Q: Dr. Eppley, I am interested in elbow lift surgery. In reading online one of the surgeons on there said: “Realize that a scar on the elbow does not heal very well. The scars tend to go wide as the area bends so much and separates the scar.” Is this true even if I take say a month and don’t bend my arm all the way? Another wrote: “I have found a combination of Sculptra and radiofrequency treatments like Venus legacy and Thermage help increase the tightening in this area. Fractional laser like Fraxel added, can help increase collagen as well.”
What’s your experience been with those modalities?
A:The key to a successful elbow lift is ultimately how the scar does as one does not want to tradeoff one aesthetic problem for another. The key to a limited width elbow scar from a lift is the zone of excision, where it is placed and how much is removed. This is determining by preoperative markings with the elbow in BOTH extended and 90 degree flexed positions. If the surgeon only takes into consideration the amount of tissue removed in the extended position, it will be too much and a wide scar will result. It is first marked in the extended arm position and then checked and reduced in the flexed position so not too much skin is removed and tension is placed on the wound closure. This is a basic plastic surgery concept but often overlooked. The name of the game is maximal skin removal with the best scar result. In aesthetic surgery the scar result takes precedence over the maximum skin removed.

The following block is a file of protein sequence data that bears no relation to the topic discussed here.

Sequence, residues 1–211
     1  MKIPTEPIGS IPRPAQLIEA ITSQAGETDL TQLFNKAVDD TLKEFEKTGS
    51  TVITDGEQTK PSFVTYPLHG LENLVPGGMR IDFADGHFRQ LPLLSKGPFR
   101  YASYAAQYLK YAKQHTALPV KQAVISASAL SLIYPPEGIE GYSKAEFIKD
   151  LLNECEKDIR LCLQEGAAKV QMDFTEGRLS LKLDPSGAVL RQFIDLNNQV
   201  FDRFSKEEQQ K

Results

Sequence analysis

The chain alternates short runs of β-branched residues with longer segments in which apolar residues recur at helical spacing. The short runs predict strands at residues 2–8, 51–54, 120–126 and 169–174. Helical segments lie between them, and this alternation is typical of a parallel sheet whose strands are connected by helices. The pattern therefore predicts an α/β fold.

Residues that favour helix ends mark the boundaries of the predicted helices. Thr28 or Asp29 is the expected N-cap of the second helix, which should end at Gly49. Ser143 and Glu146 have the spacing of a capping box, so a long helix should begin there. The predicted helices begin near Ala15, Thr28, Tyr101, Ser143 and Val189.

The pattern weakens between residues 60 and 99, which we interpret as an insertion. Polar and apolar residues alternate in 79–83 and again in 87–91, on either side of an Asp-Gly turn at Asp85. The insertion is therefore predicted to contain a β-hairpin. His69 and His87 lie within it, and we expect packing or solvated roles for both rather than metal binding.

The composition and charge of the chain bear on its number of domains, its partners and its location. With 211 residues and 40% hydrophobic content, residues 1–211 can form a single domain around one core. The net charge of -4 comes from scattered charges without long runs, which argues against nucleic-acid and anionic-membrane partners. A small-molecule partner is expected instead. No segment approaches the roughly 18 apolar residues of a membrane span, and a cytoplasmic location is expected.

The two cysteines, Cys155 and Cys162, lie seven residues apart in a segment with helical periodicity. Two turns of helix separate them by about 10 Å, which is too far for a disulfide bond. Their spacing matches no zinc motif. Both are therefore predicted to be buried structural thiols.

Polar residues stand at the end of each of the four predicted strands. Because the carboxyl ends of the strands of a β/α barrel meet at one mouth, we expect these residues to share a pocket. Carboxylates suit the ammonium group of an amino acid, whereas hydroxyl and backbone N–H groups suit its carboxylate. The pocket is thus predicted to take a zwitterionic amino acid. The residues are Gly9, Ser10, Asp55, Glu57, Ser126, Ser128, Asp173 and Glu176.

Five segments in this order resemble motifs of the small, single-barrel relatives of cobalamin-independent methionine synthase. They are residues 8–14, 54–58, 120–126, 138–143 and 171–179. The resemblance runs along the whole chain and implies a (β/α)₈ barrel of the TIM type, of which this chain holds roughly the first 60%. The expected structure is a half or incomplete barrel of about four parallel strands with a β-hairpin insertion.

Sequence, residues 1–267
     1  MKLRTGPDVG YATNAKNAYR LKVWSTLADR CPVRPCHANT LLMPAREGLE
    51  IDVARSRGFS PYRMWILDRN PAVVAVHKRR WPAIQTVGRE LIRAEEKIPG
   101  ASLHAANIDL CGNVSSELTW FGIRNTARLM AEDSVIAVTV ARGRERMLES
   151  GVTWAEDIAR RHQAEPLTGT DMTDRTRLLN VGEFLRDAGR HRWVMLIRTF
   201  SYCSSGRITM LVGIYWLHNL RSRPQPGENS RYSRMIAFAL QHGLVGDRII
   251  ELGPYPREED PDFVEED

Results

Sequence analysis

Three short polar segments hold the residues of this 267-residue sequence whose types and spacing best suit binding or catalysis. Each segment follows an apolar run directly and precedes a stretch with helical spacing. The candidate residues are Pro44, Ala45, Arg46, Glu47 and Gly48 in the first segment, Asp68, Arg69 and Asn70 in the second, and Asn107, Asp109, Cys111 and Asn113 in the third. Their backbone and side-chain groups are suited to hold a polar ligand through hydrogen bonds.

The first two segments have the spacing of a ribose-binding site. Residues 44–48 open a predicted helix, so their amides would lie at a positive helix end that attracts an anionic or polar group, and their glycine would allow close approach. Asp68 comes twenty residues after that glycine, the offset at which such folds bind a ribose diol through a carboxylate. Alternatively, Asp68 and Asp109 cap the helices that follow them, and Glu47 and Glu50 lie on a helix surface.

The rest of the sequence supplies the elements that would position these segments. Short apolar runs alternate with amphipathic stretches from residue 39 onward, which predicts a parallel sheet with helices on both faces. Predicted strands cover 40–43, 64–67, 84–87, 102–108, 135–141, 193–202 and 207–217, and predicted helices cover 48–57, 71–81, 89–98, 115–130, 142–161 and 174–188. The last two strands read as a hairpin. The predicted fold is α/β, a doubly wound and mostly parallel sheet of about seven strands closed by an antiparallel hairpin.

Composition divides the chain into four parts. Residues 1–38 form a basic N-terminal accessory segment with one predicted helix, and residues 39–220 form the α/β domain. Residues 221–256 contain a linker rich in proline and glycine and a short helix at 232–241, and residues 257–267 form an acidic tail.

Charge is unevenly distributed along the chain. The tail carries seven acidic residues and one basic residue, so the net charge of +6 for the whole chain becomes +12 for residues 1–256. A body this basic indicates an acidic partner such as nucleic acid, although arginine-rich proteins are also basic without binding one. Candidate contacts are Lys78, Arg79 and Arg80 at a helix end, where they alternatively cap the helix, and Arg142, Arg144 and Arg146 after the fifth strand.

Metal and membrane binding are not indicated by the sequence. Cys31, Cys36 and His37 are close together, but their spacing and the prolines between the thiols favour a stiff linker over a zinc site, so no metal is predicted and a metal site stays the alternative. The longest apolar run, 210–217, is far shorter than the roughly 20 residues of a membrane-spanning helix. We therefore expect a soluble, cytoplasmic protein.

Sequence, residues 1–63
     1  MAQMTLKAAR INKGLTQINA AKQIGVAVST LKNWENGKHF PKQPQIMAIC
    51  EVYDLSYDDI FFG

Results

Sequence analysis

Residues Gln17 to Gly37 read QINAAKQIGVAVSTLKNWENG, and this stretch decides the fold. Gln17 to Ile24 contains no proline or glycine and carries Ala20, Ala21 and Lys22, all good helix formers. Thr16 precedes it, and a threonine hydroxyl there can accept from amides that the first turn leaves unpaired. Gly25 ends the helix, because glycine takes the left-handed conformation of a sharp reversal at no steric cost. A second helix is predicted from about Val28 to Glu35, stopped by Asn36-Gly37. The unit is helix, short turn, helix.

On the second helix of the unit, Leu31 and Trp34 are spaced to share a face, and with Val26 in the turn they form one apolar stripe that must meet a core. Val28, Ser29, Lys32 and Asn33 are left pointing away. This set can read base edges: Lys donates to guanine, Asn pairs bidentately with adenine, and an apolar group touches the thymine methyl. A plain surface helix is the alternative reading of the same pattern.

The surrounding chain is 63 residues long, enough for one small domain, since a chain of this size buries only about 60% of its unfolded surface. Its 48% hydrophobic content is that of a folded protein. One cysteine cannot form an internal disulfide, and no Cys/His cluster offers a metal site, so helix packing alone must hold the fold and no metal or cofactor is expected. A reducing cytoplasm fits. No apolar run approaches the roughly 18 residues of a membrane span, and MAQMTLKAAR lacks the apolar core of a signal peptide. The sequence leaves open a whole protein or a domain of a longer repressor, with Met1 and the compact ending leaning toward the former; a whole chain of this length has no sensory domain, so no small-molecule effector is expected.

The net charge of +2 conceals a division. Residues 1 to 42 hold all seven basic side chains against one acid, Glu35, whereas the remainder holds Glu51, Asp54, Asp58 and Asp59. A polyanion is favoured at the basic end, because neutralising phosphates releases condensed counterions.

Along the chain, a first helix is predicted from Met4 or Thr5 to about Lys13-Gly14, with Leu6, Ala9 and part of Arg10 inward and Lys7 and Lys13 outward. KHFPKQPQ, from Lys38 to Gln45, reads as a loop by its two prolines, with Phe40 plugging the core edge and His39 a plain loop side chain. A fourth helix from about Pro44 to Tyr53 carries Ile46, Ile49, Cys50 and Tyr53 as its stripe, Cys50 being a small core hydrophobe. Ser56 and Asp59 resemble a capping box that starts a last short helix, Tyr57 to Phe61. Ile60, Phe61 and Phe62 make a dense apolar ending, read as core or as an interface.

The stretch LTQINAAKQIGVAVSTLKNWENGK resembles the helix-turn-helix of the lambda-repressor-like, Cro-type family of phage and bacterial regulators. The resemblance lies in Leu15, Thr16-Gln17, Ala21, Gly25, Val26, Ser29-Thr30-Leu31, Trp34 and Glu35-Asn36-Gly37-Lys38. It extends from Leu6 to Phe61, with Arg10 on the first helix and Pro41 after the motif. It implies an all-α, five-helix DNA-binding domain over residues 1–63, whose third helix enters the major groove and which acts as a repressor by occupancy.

For excess skin around the knees, and any joint for that matter, non-surgical modalities will be only of benefit to the provider of them. While most of these non-surgical treatments are largely harmless, only surgical excision can really get rid of loose skin just above the elbow
Dr. Barry Eppley